- Work on personal project planning
April 16, 2020
No formal lesson today! We are a day ahead in what I had planned for our original schedule and so I am going to give you today to work on project planning before we jump into responsive web design next week.
Last week, we talked about the web design and development process. We want to start on that for our final projects. You'll take an approach similar to what we did in Lecture 19 with Alice's website.
These steps do not need to be done by the end of this week. They are simply part of the process of making your website, which is due at the end of the semester and you have all of today's class to work on them.
We are going to start a simple project proposal for our final projects. I have an example one that I use occasionally here that you are welcome to steal as an example. This is not something you need to hand in. It's for your own benefit and will help you make a better website. A common interview question is how you go about planning a project from start to finish. The skills you learn here will allow you to succintly answer that question. Take the output of each of these steps and incorporate them into the proposal, so you have a document to refer back to when developing.
Start thinking about what you want out of a website. If you were making this for someone else (like you did for Alice's bike shop), this stage could be in the shape of an interview. The goal is to brainstorm what you'd like to show off about yourself. You don't need to use any format for this. I like to just make a bulleted list of notes that I can later organize. See Lecture 19 for an example of the Alice interview notes for some guidance.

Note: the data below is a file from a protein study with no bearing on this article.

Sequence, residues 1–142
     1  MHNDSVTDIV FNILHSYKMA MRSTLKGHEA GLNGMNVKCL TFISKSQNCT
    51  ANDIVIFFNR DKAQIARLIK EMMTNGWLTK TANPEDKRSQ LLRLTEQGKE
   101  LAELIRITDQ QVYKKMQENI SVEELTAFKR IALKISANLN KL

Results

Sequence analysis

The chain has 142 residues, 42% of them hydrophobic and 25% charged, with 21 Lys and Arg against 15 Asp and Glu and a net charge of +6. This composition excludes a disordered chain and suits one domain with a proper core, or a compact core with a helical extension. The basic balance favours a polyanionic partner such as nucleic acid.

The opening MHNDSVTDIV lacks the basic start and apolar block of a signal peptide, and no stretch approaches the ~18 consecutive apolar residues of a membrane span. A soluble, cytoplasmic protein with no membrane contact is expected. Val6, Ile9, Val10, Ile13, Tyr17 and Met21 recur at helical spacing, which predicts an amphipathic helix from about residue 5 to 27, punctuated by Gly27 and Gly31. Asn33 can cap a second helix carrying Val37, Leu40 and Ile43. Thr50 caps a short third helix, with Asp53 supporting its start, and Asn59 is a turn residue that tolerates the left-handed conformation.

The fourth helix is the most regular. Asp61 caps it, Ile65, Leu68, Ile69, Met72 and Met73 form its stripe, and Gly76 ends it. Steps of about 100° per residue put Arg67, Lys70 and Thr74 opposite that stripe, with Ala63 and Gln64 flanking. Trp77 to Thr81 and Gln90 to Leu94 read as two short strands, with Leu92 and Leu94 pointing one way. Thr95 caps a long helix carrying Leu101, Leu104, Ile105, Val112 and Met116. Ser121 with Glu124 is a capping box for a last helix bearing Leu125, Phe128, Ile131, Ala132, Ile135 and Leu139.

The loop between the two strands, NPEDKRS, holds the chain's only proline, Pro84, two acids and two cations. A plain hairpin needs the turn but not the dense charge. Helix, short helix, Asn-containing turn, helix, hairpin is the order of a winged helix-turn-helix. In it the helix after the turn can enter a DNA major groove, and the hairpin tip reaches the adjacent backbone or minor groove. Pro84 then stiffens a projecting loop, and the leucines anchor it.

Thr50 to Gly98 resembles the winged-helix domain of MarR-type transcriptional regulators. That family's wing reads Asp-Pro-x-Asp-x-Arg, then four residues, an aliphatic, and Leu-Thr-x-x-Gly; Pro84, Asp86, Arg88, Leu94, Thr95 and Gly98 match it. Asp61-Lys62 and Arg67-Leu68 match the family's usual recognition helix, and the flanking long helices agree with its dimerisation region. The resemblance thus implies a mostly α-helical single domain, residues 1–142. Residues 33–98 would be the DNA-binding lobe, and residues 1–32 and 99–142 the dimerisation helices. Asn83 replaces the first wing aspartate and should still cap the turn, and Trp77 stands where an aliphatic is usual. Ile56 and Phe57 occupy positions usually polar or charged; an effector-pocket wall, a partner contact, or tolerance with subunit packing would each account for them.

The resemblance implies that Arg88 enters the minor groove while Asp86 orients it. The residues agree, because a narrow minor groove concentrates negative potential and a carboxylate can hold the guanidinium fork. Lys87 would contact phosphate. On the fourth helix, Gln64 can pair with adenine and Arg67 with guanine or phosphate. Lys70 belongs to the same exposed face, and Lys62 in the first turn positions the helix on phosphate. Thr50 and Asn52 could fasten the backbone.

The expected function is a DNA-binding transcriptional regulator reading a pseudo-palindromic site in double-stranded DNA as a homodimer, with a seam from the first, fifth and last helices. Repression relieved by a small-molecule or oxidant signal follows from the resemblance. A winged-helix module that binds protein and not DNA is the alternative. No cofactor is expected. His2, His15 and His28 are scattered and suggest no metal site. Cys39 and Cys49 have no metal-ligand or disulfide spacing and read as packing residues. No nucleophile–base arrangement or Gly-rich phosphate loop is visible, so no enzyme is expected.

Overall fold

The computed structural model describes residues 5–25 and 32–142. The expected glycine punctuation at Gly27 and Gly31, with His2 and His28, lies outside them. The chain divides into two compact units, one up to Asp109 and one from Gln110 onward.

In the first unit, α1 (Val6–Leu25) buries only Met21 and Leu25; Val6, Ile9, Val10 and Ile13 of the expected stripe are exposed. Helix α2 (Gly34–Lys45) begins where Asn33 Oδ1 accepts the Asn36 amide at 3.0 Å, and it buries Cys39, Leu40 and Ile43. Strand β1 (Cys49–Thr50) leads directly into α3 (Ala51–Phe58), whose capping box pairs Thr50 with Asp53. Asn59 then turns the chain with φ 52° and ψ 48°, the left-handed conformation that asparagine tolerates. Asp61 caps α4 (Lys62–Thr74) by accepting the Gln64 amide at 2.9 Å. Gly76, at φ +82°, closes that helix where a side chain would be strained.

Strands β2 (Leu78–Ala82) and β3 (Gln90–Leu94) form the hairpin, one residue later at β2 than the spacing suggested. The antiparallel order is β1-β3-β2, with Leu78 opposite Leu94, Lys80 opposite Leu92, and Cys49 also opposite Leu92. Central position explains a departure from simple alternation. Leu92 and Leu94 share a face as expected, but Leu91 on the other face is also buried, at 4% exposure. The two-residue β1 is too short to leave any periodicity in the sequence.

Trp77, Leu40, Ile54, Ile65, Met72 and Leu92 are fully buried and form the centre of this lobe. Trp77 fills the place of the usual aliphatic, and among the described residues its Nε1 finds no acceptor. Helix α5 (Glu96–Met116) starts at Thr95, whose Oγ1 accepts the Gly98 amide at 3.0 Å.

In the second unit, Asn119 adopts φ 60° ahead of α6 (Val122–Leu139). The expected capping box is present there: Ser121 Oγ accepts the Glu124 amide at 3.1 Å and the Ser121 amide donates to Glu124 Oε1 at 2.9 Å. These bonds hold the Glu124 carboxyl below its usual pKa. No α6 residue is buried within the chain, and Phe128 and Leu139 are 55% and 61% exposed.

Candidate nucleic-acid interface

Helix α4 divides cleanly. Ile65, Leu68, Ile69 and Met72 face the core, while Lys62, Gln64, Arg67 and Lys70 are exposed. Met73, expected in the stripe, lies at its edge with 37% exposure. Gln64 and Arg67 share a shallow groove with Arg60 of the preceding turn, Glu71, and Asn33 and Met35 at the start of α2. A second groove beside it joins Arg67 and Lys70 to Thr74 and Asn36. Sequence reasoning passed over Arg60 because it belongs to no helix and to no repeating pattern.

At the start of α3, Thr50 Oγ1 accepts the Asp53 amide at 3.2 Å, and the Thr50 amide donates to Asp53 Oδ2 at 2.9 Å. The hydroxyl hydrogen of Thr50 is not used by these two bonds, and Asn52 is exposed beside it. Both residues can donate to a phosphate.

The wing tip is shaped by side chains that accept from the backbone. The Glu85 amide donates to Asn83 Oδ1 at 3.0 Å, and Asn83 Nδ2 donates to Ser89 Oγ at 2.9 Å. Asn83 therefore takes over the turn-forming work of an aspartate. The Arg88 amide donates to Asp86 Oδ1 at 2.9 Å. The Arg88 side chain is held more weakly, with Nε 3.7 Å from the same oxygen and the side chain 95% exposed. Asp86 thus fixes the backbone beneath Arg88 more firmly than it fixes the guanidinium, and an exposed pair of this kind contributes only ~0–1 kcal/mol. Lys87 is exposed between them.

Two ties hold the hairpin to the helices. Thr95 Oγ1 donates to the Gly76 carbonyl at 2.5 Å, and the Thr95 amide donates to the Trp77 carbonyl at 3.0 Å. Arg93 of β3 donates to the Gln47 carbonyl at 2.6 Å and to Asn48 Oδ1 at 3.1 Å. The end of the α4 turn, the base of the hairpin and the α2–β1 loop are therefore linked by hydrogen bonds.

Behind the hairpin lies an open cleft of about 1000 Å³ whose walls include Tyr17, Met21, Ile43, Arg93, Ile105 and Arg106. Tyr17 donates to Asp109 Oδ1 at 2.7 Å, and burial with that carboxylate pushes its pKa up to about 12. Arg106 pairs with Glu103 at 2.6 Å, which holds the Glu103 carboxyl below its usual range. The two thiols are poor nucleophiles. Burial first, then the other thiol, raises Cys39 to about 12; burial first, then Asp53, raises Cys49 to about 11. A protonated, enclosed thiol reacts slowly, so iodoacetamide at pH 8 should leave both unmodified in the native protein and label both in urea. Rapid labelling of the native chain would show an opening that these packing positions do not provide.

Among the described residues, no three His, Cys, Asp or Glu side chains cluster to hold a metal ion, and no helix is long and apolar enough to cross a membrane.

These steps might look familar because you did them in Lecture 19. You do not need to do all of them again but you should write a few as practice and to better understand who you're trying to serve with your website.
Now that you know the problem you're trying to solve and who/how people will use your site, come up with a list of features. These could include social media integration, a photo gallery, about page, contact form, etc. They should be features that help to showcase your skills and are geared toward your audience.
Now that you have a plan and a proposal, start building your website using all of the skills you've developed over the semester: HTML, CSS, keep in mind CRAP principles, typography, accessibility, color theory...This project is as much about design as it is development.
This is not a project you want to wait until the last minute to start, but you'll be working at your own pace. I've come up with an example schedule that you can use to stay on track.
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